All student nurses will be eligible for bursaries worth at least £5,000 per year under Government plans to restore the grants after they were scrapped under the Tories’ austerity measures.
Health Secretary Matt Hancock announced that the Conservatives’ manifesto commitment would be rolled out from September, in a bid to woo those currently considering a nursing degree ahead of the application deadline.
Annual payments of £5,000 will be available to all student nurses – as well as some allied health professionals – from the start of the next academic year, with a further £3,000 for specialist disciplines, such as mental health, which are hard to recruit.
Mr Hancock, speaking at the Policy Exchange think tank in Westminster, said he hoped the £2 billion package of financial support would attract more nurses into the profession and reward those choosing nursing as a career.
“We’re going to give student nurses a free, non-repayable training grant worth up to £8,000 a year on top of the existing funding available – almost doubling the financial support on offer,” he said.
“Every student nurse will receive at least £5,000 extra a year from next September, with more financial support for childcare costs, for instance, or in regions, or disciplines, such mental health, where the need for nurses is more acute.
“At the same time, we’re going to expand further the roots into nursing with more nursing associates and apprentices. I want to make it easy to climb the ladder to become a fully registered nurse.”
The policy pledge formed part of a plan for 50,000 additional nurses for England intended to underline the party’s commitment to the NHS.
Mr Hancock also confirmed plans for an “urgent review” of the NHS pensions issue which led some senior doctors to turn down extra shifts because they were being hit by hefty tax bills.
NHS England has previously announced special arrangements for 2019/20, meaning no doctor in England will be worse off as a result of taking on extra shifts this winter.
The Cabinet minister set out his “priorities” for the NHS – saying he wanted to make the 2020s the “decade of prevention of ill health” while vowing to deliver the “biggest hospital building programme in a generation”.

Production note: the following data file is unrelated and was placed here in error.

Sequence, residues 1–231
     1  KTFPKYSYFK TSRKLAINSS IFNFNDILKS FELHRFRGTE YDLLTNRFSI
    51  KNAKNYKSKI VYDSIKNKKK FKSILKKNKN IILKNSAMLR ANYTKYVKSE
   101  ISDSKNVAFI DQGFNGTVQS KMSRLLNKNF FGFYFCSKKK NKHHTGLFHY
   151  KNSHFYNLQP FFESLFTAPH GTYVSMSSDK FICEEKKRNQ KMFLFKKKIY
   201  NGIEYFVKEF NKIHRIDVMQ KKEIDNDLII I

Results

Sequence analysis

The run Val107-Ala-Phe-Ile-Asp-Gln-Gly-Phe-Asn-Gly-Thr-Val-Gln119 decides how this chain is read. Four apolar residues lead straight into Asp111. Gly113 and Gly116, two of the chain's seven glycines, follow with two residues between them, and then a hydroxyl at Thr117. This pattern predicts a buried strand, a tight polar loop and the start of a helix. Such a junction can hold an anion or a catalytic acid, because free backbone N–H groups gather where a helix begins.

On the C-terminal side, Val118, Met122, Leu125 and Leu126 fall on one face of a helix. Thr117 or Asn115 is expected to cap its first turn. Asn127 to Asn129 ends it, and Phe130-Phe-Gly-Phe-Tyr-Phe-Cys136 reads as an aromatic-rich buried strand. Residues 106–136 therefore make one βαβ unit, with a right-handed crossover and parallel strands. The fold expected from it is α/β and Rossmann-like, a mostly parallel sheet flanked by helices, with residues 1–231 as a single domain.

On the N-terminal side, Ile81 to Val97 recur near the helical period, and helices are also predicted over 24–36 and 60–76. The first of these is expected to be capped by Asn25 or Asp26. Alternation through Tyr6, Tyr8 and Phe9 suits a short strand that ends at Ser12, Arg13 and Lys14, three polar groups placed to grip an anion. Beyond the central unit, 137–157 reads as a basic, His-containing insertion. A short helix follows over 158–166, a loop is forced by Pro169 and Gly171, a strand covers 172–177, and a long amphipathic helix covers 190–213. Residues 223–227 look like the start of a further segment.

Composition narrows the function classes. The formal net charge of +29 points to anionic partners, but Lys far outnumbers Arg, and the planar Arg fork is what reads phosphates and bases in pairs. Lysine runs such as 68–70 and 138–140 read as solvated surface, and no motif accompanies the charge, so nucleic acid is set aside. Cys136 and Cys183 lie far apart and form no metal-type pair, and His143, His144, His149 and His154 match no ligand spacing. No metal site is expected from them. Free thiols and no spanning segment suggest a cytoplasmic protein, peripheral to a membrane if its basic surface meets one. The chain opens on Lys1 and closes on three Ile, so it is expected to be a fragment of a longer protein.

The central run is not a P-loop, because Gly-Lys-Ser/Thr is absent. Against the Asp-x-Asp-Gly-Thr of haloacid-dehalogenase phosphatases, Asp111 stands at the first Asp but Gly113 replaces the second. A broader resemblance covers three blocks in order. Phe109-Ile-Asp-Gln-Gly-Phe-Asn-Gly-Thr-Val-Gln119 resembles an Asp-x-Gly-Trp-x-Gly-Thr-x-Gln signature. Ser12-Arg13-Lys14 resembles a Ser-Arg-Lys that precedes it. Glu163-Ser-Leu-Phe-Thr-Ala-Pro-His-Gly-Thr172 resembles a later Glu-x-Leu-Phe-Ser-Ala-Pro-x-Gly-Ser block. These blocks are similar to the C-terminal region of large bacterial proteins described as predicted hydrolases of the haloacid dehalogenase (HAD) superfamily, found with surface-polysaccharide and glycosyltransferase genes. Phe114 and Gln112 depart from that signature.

And on technology, he said: “The front line is demanding better technology – anybody who tells me that technology is not part of the answer has not been into the right hospitals.”
Mr Hancock sidestepped questions on when his party would begin cross-party work on finding a solution for social care, and whether he would extend the sugar tax to other products.
“We’ve made very clear commitments on social care in the manifesto, and we will meet those commitments. We’ve already been having discussions about starting that work and we absolutely will meet the manifesto that we’ve set out very clearly.
“Today my announcement is on nurses, I wanted to make sure that this commitment to the £5,000 extra minimum per nurse is made early because the deadline for Ucas application is on the 15th January.”
He was also asked to rule out more sugar taxes on other products, but simply replied: “50,000 more nurses.”
Labour’s shadow health secretary Jonathan Ashworth welcomed the Tory reversal on student nurse bursaries, but called for further funding.
“The Conservatives’ policy of forcing would-be nurses to pay tuition fees has demonstrably failed in the last two years,” he said.
“While it is good to see that they have U-turned on their terrible policy position, nurses have called for additional funding to cover tuition fees too, not just living costs as the Tories promised in their manifesto.”